Paul C.
Paul Christensen

With another 31 December financial year ending, finance teams across the state are pulling together financial statements for their entities. In preparing and reviewing these statements, it’s important to consider whether they appropriately disclose the key events that have had the greatest impact on the financial performance and position of your entity this year.

While 2020–21 was relatively quiet in terms of new accounting standards, entities should be aware of several key areas that may require specific consideration when preparing financial statements.

Assessing and disclosing the continuing impact of COVID-19

Last year, many entities included specific disclosures to explain how COVID-19 impacted on their financial performance and position. In some cases, these disclosures also highlighted how the continuing impact of COVID-19 increased uncertainty, which may impact future financial years.

When assessing COVID-19-related disclosures this year, it’s important that your entity ensure it updates any such disclosures to reflect the actual impact on the financial statements. This may include explaining how uncertainties existing at 31 December 2020 developed during the year, or possibly that they did not eventuate or had less of an impact than you anticipated.

As the impact of COVID-19 in Australia remains fluid, it’s also important that your entity continues to assess any events that arise after 31 December and determine whether you should reflect these in your financial statements. This assessment needs to occur up to the date that management signs the financial statements, and even up to the time you make the statements publicly available.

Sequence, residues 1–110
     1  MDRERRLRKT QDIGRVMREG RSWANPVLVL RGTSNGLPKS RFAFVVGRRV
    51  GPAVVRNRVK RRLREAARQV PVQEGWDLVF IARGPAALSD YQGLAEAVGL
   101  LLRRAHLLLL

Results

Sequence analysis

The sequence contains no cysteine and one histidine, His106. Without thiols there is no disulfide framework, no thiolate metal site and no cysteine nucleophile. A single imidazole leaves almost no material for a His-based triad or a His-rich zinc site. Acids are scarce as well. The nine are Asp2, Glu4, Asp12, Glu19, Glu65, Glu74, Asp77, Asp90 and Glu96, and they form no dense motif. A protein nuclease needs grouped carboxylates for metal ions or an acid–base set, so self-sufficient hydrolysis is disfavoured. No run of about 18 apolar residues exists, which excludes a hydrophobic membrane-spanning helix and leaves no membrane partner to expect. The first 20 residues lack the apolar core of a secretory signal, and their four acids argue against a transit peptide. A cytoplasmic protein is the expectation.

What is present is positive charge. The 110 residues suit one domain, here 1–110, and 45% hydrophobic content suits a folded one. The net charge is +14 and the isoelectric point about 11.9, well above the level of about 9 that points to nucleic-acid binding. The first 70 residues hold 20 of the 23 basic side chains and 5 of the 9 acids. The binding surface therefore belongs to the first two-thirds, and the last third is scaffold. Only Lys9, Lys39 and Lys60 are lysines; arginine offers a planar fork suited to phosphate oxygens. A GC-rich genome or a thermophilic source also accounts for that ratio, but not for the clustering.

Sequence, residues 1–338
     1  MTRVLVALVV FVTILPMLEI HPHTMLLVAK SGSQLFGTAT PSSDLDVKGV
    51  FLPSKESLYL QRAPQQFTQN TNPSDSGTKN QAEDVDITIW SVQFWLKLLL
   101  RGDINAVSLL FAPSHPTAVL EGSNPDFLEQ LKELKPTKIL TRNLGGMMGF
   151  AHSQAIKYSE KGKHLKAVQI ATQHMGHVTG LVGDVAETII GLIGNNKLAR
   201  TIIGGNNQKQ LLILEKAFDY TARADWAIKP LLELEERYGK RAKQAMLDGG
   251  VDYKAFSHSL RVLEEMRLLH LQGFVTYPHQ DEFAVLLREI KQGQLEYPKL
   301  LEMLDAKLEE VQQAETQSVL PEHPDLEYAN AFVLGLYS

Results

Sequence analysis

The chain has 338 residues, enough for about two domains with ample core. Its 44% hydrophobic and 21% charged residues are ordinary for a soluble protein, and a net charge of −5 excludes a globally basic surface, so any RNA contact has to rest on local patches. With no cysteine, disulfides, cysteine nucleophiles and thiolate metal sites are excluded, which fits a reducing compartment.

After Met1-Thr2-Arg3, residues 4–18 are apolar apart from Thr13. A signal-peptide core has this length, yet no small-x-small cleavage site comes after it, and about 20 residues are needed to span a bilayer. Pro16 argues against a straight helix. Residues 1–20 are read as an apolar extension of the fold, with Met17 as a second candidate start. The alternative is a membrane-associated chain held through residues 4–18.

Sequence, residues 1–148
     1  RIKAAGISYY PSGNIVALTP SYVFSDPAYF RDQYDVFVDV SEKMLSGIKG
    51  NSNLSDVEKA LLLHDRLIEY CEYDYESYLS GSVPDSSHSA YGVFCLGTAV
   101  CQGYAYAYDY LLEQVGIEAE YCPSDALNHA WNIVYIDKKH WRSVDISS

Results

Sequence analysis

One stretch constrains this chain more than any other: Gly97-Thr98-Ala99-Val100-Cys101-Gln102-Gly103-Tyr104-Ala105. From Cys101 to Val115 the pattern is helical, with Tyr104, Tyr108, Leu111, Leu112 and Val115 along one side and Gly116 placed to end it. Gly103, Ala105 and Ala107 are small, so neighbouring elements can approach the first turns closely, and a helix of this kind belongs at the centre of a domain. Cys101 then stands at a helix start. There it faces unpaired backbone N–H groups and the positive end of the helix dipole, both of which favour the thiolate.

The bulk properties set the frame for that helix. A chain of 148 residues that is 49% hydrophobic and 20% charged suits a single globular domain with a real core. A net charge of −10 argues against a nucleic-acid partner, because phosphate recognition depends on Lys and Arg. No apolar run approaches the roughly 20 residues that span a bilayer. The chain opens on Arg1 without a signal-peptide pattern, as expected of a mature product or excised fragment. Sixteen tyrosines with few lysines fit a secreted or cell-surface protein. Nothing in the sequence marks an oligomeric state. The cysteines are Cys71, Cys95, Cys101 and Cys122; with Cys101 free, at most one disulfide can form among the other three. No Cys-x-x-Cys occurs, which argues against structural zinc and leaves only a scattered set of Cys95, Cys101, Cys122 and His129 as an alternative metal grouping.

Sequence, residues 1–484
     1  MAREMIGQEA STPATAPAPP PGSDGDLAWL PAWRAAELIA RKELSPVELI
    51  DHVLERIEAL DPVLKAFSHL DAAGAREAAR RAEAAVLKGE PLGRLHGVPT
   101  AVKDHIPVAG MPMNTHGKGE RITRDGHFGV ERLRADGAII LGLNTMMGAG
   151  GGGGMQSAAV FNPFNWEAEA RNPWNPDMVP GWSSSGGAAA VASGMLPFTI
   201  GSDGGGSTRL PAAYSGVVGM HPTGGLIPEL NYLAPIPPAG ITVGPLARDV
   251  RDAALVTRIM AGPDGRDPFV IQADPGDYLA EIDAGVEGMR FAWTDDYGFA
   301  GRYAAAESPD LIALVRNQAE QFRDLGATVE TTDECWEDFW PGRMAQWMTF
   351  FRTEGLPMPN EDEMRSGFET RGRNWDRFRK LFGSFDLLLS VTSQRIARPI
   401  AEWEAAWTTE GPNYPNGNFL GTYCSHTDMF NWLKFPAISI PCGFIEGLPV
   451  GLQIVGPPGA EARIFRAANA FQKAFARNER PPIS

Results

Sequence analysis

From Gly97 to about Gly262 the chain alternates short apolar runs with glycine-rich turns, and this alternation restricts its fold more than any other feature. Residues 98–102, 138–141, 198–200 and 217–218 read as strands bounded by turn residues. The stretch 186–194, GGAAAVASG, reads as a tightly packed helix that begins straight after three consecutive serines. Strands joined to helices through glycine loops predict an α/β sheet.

Last year we published a blog to help entities assess the impact of COVID-19 events occurring after the reporting date: Assessing COVID-19 events after the reporting date and why auditors are required to review this.

Disclosure of climate-related risks

In January 2020, we published a blog post to help entities determine whether they should disclose climate-related risks in their financial statements

When entities prepare their 2020–21 financial statements, we continue to encourage them to consider:

  • whether users could reasonably expect that emerging climate-related risks could affect the amounts and disclosures in the financial statements
  • including only material disclosures about the impact of climate-related risks on the assumptions made in preparing the statements.

In doing so, we encourage entities to focus on how the risks specifically relate to amounts reported in the financial statements, or the basis on which they have prepared the statements. Disclosures on the entity’s policies or overall approach to managing climate-related risks more appropriately belong in the annual report or other documents outside of the financial statements.

Changes in accounting policies, estimates and prior period errors

Many entities obtain better information with the passage of time. Entities need to consider if new information changes their judgements and estimates; for example the fair value of property. Where entities obtain new information that wasn’t reasonably accessible in the prior year, they don’t need to change the comparative figures. However prior year figures should be corrected if information should have been sought and used in determining an estimate or judgement.

Entities are also considering the impact on their financial statements from IFRS Interpretations Committee’s (IFRIC’s) clarified decision on how to account for software as a service. Some entities will have capitalised significant investment in customising software. IFRIC’s decision was that there are limited circumstances where these costs can be capitalised. This will change entities’ accounting policy and will need retrospective adjustment. See our recent blog post which contains questions governance committees need to ask when capitalising cloud computing arrangements.

Always consider whether corrections are material when developing your disclosures.

Final thoughts

Over the last few years, QAO has worked with entities to declutter financial statements by removing disclosures that are not required to enhance the users’ understanding of the statements. While we continue to support this approach, it’s also important to ensure that information included in financial statements remains relevant and focuses on areas that are of greatest importance to users.